Merchants and Pearls on a Half Shell

pearl in oysterAgain, the kingdom of heaven is like unto a merchant man, seeking goodly pearls: Who, when he had found one pearl of great price, went and sold all that he had, and bought it. Matthew 13:45-46

If anything at all, isn’t it meant to be a piercing point here Jesus makes by way of parable, by way of a man, of a merchant, of a pearl? We read of a trader on a mission for fine pearls, who finds one of great value, sells all to attain it, and in his effort, finds himself no longer a merchant, but now the possessor of a magnificent and valuable pearl. He has stepped aside from all to obtain what he most wanted.

I opened with an indecisive question as I did because read in this light, what this merchant does is nothing to really marvel about. He believes he is getting the better end of the deal. You and I seek the same kind of transactions everyday. We will all part from our stuff, even in bulk, to get what we truly want. In our very nature it is what we do; we want a great bargain.

It ‘is’ piercing though because it insinuates an obvious counter-conclusion. We will not part with what we have for what we deem is a lesser value, or if we cannot see the greater value in the trade.

Regrouping for a tad of past interpretation, in this parable, some would infer Jesus speaks only of himself, that he is the merchant on mission willing to part with everything to purchase this pearl, and by this, meaning that those he came to save are a valuable treasure to him, more precious than the glory he forsook to purchase it.

Others will apply it to ‘whosoever’ will enter the kingdom will do so by relinquishing hold of the worldly goods for the wonder of a gracious gospel; life in the kingdom. It is this very interpretation however that might be the demise of most of western culture. Simply ask, how many do I know who have traded in everything to follow Jesus; better still, ask the question personally, such as, “Have I?”

51XAUizpuvL__AA160_I think the ultimate question this parable demands an answer to is rightly asked, “Are we willing to step aside from all we have to obtain what we want (A-J Levine)?” It will make no difference if we apply it to Jesus, “he did,” or us, “have we?”

I also think it is okay for the parable to prompt an equally important question, “What do I want most?” In a very real sense, this is simply a parable declaring a routine truth. What we see as valuable, we are willing to make sacrifices, even if extreme, to attain. What we don’t want, or do not see the value in, no matter that its value remains constant, will get little of our time and probably none of our necessary resources.

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About mtsweat

Seeking the rest that is only promised and found in Christ Jesus, along with my treasured wife of more than twenty-five years, we seek to grow in our relationship with our Heavenly Father, walk with the Holy Spirit as He moves our hearts, loving others always as Jesus loves us, and carry the news of His glory, the wonderful gospel, that gives light and life where there once was only darkness.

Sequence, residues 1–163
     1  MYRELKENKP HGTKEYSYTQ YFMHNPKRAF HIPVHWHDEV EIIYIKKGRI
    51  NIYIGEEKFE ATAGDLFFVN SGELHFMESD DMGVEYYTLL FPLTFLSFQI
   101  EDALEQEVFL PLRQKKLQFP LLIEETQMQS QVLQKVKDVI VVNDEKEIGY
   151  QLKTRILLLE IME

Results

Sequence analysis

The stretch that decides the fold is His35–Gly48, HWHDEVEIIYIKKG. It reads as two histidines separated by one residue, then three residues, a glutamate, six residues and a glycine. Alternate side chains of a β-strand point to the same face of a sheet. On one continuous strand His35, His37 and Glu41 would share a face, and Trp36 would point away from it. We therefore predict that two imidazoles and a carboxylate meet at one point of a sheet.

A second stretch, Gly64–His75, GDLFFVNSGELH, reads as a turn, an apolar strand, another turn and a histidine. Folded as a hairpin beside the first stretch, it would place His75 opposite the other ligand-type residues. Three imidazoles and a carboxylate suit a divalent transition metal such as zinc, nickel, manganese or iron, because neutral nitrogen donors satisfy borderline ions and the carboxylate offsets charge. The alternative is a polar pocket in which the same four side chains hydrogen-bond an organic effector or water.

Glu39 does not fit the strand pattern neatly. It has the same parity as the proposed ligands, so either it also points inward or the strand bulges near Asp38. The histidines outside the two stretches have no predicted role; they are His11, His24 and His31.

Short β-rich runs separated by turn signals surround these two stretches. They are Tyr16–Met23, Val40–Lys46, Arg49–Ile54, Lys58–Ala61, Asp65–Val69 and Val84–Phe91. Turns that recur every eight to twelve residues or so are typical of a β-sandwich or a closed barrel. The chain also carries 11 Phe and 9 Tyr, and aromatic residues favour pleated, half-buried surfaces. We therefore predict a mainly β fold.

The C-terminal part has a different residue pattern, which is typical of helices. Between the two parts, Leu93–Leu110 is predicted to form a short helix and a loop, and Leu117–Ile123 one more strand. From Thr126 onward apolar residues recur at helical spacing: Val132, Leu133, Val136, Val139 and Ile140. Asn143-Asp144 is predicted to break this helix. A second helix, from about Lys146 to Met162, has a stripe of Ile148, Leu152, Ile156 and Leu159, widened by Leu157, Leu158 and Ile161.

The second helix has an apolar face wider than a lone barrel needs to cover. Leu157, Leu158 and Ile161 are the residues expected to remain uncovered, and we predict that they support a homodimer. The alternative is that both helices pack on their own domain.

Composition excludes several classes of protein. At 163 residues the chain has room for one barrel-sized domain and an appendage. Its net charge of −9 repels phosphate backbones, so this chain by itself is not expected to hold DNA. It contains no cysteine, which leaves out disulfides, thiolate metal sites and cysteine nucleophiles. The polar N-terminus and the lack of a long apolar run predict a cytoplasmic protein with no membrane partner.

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5 Responses to Merchants and Pearls on a Half Shell

  1. Carl says:

    That’s awesome. It reminds me of Luke 14:25-33 about forsaking everything to follow Jesus, even when it doesn’t seem to add up. When we place our faith in Jesus in spite of the impossible-seeming circumstances, then His supernatural grace overcomes the circumstances. We must find Him worthy, even when it means everything! Praise God!

  2. ccragamuffin says:

    Your retelling of this story has handed us a mirror for self examination. What have I given up? Anything?? What have I clung to? Both sacrifice and treasuring reveal what is valuable to me. Not what I proclaim to be valuable…but what I truly hold dear. The balance sheet of the soul. Painful. A good gift you have handed us, but painful.

    • mtsweat says:

      When I chose to venture for a spell into a study-review of the Parables, I opted to do so with a little help from the likes of Boice and Kendall, but happened upon this unique work by A-J Levine, “Short Stories by Jesus.” For anyone who is willing to be challenged by tackling the parables from a very Jewish approach, I would highly recommend this book.

      Your words, “Not what I proclaim to be valuable…” sting a little, well, a lot. In another work I’m reading, Overrated by Cho, one of his primary focuses is just that, “We tend to do a whole lot of talking with little evidences of a “balanced sheet of the soul.” What’s worse is Cho provides evidence that social media provides a platform for much of this talk, but we seem to be content to just talk, forgetting the talk is useless without the engagement and activity.

      I pray my eyes are being opened to areas of my life like this, and that God in His grace will let me see of how much more value He is than all my stuff. Blessings.

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